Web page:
It is hard to say. Did she even have a pastor? If she did sometimes people will just not go to their church for the private things. It is hard to say.

    I have an open door policy. Any church member can stop by and see me or call me whenever they need. I will do my level best to stop what I am doing and talk with them.

    Well that is certainly the way it should be. Pastors who will not visit their people or take time for them do not have a shepherds heart and are not qualified.
     
  17. ktn4eg

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    There are so many variables to this topic that it's impossible to have an immutable opinion.

    God calls different people to different "ministries" at different times and different places.

    Seminaries may be great for some, but for others a seminary may prove to be a "cemetery."

    Do what God has called you to do. :thumbsup:
     
  18. Earth Wind and Fire

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    Thats pretty good advice I'm thinkin
     
  19. nodak

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    My personal experience is that a better educated pastor is a better pastor.

    But that said, I've sat under excellent seminary trained ones and ones that seminary had ruined their faith.

    Some seminaries are indeed wonderful. Some apparently teach nothing and are diploma mills. Some, even worse, indoctrinate people to a view of the Bible that destroys the truth.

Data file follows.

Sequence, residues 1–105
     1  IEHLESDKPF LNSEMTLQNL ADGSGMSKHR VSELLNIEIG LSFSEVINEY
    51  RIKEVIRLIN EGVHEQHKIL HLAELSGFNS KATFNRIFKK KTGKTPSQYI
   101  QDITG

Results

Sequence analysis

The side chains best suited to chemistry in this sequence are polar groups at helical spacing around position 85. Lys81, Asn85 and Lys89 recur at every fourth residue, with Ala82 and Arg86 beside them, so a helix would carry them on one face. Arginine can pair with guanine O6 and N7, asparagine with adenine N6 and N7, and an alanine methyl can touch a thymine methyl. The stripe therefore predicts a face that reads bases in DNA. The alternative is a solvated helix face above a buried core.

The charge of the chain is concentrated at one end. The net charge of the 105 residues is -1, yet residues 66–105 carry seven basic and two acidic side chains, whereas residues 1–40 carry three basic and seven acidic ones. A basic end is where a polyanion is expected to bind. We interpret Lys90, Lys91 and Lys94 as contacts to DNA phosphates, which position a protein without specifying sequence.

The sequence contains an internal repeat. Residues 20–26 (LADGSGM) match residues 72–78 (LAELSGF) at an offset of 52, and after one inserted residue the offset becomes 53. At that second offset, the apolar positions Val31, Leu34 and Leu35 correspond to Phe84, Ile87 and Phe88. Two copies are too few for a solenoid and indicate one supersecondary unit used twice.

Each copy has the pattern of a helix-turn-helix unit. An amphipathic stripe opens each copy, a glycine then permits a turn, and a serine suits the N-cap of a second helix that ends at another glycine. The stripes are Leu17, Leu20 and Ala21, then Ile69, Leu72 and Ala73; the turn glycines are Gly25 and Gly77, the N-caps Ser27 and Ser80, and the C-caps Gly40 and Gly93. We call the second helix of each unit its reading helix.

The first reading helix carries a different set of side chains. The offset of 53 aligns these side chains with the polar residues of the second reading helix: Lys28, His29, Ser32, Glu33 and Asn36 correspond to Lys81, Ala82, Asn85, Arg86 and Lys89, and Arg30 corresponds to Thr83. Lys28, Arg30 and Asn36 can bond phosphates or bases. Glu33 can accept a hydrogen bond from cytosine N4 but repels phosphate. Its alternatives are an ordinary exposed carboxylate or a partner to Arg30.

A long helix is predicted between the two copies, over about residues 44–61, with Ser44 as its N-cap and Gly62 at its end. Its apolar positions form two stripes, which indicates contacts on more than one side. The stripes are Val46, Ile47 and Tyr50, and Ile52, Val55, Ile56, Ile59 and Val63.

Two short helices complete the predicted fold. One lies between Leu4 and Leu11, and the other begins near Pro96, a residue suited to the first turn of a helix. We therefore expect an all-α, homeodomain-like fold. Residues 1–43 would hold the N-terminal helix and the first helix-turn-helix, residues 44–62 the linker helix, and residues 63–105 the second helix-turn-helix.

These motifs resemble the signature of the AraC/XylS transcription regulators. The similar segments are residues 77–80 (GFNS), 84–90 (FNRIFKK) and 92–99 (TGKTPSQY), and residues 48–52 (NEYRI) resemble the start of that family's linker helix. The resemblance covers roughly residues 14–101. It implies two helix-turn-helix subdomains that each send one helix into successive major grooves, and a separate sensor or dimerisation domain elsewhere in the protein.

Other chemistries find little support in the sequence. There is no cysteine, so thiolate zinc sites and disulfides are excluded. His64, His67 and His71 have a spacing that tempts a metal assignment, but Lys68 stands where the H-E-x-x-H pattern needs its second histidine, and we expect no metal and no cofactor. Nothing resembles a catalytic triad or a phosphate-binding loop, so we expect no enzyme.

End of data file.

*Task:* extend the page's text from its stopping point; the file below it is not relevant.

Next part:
So seminary per se is not necessarily any better than truck driving to prepare a preacher. But a good, even excellent, seminary is a boon.

    Trick is to find the right one.
     
  20. thisnumbersdisconnected

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    The thread is about pastors, not about "different people."

    For me, it would be, though I am grateful for having been able to attend a Bible college for a couple years after I became a Christian. It was the best thing I could do for myself in letting God lead me into better knowledge and relationship with Him. For my calling -- helping men escape the prison of their minds and attitudes in general and their addictions in particular -- seminary would help, but training and education in behavioral psychology, specifically Cogntive Behavioral Therapy, is far better, given the latter was developed by Christian psychiatrist Dr. Aaron Beck, who set out to develop a treatment regimen that upheld biblical principles and honored the client's faith.

    If I was going to be a pastor, I'd hie me to a seminary in a heartbeat, preferably one of the Southern Baptist institutions, but any strong Bible-teaching, literalist-viewpoint school would be acceptable.